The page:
Description: This book, one in the 2001 Review of Psychiatry series, thoroughly reviews the somatoform and factitious disorders, discussing such topics as epidemiology, etiology/pathology, and treatment modalities for these syndromes.
Purpose: The purpose is to provide a concise, thorough, and clinically-focused overview of somatoform and factitious disorders.
Audience: This book is targeted to practicing psychiatrists and other clinicians who want to better understand somatoform and factitious disorders. However, psychiatric residents would also find it invaluable reading. Although not intended for medical students, students who have an interest in these types of psychiatric disorders would also find it useful; it is not written at such a technical level that students would not understand it.
Features: The book is divided into five chapters: somatoform disorders, hypochondriasis, body dysmorphic disorder, conversion disorder, and factitious disorder. Each chapter discusses these syndromes in great detail, outlining such things as history, signs and symptoms, epidemiology, disease course, and treatment modalities. There are no illustrations, but none are needed. A thorough reference list follows each chapter. An index is provided at the end.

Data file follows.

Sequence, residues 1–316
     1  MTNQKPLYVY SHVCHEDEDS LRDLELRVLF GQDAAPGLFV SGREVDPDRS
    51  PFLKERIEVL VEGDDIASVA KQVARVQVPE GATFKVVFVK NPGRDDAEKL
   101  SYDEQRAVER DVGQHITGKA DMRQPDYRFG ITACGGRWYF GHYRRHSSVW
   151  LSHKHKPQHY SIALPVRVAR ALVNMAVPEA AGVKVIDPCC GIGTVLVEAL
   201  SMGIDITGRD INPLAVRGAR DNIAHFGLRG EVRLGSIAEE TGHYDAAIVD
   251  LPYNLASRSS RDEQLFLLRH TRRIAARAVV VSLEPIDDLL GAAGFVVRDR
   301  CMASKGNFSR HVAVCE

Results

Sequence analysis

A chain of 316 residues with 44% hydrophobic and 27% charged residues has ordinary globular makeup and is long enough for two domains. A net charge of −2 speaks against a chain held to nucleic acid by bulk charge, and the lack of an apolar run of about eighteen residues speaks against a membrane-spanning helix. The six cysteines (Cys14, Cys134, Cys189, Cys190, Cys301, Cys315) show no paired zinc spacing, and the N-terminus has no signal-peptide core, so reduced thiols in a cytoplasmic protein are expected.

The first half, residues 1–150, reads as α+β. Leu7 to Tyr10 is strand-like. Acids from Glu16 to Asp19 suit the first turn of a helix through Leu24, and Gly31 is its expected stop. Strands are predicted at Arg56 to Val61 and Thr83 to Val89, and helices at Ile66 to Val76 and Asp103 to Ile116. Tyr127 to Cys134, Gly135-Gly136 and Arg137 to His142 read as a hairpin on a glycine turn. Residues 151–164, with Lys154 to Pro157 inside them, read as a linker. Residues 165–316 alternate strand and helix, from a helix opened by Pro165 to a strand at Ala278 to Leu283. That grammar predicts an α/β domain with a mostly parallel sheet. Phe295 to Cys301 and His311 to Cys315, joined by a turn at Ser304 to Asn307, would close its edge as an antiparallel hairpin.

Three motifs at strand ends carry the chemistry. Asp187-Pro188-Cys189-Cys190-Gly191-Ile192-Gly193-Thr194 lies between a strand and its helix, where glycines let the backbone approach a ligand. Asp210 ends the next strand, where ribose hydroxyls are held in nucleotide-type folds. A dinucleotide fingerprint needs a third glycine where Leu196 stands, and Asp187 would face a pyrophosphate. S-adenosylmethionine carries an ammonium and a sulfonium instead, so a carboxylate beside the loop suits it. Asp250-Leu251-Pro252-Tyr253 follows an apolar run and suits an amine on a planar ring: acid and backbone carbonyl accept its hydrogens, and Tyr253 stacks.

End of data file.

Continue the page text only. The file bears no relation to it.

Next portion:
Assessment: This book makes for interesting and useful reading. In this age of psychopharmacology, second-messenger systems, and gene expression, it is refreshing to be reminded that there still exists in psychiatry several disorders that cannot be adequately explained by receptor dysregulation, nor easily treated with a simple prescription. Because these disorders are still commonly seen, it would behoove practicing psychiatrists to review them thoroughly; this book serves that function well.